By Jack Latta
July 26, 2013
PRESTONSBURG — Garbage collection and more curious contracting were among the topics discussed during Friday’s special called meeting of the Floyd County Fiscal Court.
As court members reviewed this month’s regular claims list, the topic of garbage collection and the recent lack thereof became a topic of conversation.
County Attorney Keith Bartley remarked on Waste Connections’ June claim, and said that next month’s claim should show a dramatic decrease.
“We pay them a huge sum of money,” Bartley said, “and there is significant portion of the county that has gone without garbage pickup for several weeks.”
Bartley said that next month’s bill should be prorated to show the lack of garbage pickup, and that savings should also be passed on to the people who pay the bills. “I assure you I will not pay half my bill for last month.”
Judge-Executive R.D. “Doc” Marshall said that Waste Connections is contracted for four years at a rate of approximately $162,000 a month. That contract is set to expire next year.
Lois Marshall took the part of the company, saying that they were “tremendously sorry,” and that they would be doing a proportional reduction.
Countywide garbage pickup has been virtually non-existent during July, with many residents saying they have not had a pickup in as many as four weeks. Bartley says the reason the county pays for weekly pickup is to keep people from dumping, and the lack of those collections only encourages people to dump their garbage somewhere.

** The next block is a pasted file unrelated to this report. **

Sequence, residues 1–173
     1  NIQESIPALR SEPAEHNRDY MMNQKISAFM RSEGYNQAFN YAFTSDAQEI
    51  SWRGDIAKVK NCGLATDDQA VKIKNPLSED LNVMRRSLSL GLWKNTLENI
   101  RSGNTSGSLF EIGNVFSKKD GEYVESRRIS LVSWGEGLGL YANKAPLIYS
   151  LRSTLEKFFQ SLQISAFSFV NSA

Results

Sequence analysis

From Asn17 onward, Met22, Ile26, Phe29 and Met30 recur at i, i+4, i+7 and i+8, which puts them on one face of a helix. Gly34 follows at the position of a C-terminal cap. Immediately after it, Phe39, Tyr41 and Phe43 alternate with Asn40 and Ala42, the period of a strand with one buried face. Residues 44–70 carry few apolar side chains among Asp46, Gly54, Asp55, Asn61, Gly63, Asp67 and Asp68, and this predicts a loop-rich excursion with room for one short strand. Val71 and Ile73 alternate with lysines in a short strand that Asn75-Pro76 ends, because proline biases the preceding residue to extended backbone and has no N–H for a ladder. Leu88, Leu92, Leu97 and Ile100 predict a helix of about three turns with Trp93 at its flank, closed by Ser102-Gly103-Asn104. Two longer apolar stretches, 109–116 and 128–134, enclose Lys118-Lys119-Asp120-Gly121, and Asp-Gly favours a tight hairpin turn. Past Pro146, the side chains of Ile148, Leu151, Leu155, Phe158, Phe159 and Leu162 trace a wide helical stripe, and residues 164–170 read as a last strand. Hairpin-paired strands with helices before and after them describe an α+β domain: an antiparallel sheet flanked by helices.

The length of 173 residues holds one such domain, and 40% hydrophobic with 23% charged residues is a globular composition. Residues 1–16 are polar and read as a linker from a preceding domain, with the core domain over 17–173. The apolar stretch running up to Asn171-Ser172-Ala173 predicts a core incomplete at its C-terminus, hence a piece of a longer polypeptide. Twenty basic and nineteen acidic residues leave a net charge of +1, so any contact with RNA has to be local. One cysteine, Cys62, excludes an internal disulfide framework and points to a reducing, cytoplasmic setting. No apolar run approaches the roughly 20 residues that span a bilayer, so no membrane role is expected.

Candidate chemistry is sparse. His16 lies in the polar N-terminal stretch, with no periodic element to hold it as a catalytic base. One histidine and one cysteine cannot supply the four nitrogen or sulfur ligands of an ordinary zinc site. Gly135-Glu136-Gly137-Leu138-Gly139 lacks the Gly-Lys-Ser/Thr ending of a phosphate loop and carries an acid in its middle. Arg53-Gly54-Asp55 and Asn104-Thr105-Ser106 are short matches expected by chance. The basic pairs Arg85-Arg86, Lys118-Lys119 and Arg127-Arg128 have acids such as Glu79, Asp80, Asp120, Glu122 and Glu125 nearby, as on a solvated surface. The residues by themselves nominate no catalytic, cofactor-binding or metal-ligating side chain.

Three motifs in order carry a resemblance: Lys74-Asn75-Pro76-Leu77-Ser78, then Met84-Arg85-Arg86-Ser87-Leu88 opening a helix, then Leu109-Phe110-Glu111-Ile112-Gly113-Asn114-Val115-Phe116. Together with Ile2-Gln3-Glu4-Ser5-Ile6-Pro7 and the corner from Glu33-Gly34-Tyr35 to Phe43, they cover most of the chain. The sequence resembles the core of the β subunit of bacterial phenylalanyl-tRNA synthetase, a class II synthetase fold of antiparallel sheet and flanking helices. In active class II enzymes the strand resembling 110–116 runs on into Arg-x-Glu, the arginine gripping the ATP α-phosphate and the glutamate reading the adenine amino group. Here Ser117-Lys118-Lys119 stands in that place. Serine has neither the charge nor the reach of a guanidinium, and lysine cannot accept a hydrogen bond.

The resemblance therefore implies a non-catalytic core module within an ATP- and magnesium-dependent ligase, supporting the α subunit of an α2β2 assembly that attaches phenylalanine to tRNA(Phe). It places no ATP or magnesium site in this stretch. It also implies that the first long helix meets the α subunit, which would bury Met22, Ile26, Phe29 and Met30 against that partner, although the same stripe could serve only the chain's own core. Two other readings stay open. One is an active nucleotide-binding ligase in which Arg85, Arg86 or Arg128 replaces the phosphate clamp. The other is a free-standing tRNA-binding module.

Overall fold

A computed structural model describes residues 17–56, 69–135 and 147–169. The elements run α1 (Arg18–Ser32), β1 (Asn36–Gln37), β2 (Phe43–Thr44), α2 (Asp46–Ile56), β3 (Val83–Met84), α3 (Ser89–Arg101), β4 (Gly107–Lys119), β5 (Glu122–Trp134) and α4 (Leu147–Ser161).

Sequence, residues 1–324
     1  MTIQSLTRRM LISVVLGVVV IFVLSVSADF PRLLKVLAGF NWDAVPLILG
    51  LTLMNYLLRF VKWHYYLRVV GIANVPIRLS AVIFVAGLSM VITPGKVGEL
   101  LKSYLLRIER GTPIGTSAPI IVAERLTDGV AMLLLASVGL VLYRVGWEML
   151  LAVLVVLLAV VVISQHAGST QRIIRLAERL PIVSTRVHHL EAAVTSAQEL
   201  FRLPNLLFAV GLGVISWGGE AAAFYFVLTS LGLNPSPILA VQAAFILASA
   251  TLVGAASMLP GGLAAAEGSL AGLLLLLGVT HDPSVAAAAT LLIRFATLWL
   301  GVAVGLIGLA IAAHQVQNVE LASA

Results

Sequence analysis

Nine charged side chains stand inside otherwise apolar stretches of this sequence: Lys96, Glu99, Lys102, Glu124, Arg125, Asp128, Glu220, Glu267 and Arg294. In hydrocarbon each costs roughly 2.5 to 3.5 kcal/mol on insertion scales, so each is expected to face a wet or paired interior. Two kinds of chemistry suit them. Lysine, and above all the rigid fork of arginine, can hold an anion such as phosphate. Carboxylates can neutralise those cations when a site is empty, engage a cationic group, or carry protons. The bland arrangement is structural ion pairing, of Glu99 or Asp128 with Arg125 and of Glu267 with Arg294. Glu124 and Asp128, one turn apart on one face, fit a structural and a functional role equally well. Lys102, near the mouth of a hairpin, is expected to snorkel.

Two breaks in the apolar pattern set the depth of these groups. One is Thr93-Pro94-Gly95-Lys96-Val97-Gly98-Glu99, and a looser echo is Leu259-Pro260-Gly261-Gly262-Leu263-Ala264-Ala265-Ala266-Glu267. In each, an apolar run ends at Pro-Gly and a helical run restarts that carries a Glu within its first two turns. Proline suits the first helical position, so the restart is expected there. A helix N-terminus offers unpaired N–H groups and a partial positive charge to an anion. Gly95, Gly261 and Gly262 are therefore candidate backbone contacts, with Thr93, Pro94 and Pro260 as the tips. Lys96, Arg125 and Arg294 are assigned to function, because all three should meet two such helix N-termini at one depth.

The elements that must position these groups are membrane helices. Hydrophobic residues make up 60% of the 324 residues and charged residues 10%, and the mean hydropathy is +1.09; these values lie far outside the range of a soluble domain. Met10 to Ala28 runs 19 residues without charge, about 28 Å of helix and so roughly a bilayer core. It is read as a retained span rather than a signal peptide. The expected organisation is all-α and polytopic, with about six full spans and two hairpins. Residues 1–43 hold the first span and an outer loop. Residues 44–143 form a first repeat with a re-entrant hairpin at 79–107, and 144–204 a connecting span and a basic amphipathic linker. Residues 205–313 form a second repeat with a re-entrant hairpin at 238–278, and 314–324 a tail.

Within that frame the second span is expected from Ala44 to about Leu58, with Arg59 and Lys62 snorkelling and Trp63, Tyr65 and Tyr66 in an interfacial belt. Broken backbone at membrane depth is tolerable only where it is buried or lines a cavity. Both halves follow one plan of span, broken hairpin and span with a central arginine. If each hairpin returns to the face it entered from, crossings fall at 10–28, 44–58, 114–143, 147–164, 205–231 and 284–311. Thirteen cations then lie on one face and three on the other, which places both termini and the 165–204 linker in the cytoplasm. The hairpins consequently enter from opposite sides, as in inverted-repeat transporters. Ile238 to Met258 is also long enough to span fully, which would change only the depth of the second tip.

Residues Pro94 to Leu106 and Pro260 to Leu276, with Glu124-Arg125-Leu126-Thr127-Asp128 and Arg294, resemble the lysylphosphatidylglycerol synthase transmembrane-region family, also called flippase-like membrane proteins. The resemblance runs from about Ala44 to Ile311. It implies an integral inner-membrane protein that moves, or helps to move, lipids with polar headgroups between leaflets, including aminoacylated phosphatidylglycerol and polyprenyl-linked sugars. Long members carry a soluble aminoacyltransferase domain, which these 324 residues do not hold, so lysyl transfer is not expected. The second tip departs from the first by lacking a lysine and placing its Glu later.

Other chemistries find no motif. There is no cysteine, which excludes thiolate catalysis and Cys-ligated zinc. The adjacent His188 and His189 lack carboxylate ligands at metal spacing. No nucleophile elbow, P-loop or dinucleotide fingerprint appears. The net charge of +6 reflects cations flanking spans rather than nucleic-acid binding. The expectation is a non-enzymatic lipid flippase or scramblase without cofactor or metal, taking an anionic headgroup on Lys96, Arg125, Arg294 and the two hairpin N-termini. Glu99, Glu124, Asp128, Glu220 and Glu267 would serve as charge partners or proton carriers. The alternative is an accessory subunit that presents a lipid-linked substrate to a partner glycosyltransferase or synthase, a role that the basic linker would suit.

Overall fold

There was also controversy concerning some recent contracted labor performed at the courthouse. Judge Marshall said that Kenny Stumbo, the courthouse janitorial manager, had been contracted to do some painting in the courthouse. Marshall said the work was contracted out because it had to be performed during the weekend.
According to court officials, Stumbo billed the county $7,000 for the project, which was to come out of coal severance money.
Bartley asked why Stumbo was contracted to perform work that appears to fall within his job description. “Why didn’t he do it on overtime, since that is his job?” Bartley asked.
“Maybe he didn’t want to do it on overtime,” Lois Marshall responded.
“I wouldn’t either if I knew I was going to get $7,000 for a weekend,” Bartley said.
Magistrate Hattie Owens and Magistrate John Goble also questioned the work. Goble noted that there was a lot of electrical work performed, and asked if Stumbo was a licensed electrician. Judge Marshall said he was not.
Owens asked why the work was not brought before the court. Marshall simply reiterated that it was coal severance money that needed to be spent.
Judge Marshall asked for a motion on the resolution seeking a disbursement of coal severance funds for the courthouse renovations. Hearing none, he made the motion, but did not received a second.
“Hearing no second, I guess the motion fails,” Judge Marshall said.